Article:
A couple of times last week, I’d play at an open mic and finish and feel horrible about myself. Full of shame, like I should have never even touched a guitar in my lifetime. People would be saying nice things, but I didn’t believe them. I was expecting a reward to change how I felt, and it didn’t. I realized I had to look at what was going on, or else it was going to be a nasty spiral. Whenever shame is playing a part in what’s going on, I turn to Brene Brown’s work.

In her book Daring Greatly, Brene Brown talks about attaching self-worth to what we create. Here’s an excerpt from page 63: ” Because of how you were raised or how you approach the world, you’ve knowingly or unknowingly attached your self-worth to how your product or art is received. In simple terms, if they love it, you’re worthy; if they don’t, you’re worthless.”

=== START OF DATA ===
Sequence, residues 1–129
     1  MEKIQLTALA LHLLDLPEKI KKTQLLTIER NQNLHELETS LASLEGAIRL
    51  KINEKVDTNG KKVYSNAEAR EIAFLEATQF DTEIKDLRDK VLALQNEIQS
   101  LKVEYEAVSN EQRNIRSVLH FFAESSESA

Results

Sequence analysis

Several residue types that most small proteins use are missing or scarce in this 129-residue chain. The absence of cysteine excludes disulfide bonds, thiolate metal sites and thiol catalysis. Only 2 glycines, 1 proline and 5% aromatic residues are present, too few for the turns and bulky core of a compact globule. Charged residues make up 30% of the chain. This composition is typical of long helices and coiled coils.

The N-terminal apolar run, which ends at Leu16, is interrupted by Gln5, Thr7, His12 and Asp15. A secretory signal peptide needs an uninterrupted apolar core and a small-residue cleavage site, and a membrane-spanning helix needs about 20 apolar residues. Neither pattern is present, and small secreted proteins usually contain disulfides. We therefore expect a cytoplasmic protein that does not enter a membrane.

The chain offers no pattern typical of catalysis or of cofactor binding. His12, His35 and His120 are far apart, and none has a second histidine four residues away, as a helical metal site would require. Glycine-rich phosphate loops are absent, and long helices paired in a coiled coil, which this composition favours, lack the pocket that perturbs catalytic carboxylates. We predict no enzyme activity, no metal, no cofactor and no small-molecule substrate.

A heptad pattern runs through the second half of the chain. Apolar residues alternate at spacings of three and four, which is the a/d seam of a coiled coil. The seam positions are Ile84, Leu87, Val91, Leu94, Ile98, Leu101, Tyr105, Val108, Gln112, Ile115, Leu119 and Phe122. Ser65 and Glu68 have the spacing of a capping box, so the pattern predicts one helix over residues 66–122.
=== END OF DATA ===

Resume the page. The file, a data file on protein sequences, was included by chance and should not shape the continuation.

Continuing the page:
She explains how sharing your art or project is an essential part of Wholehearted Living. On the next page, she writes “With an awareness of shame and strong shame resilience skills, this scenario is completely different…Yes, it will be disappointing and difficult if your friends or colleagues don’t share your enthusiasm, or if things don’t go well, but this effort is about what you do, not who you are. Regardless of the outcome, you’ve already dared greatly, and that’s totally aligned with your values; with who you want to be.”

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Playing at the pool party at my apartment complex! You can also hear my new song Supermoon